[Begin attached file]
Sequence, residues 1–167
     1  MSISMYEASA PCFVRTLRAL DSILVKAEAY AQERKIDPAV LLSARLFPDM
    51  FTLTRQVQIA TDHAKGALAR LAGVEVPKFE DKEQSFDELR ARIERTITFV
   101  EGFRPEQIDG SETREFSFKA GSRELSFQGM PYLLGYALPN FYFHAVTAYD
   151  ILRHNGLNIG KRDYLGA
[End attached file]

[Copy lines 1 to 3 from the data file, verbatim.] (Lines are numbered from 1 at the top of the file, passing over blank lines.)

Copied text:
Sequence, residues 1–167
     1  MSISMYEASA PCFVRTLRAL DSILVKAEAY AQERKIDPAV LLSARLFPDM
    51  FTLTRQVQIA TDHAKGALAR LAGVEVPKFE DKEQSFDELR ARIERTITFV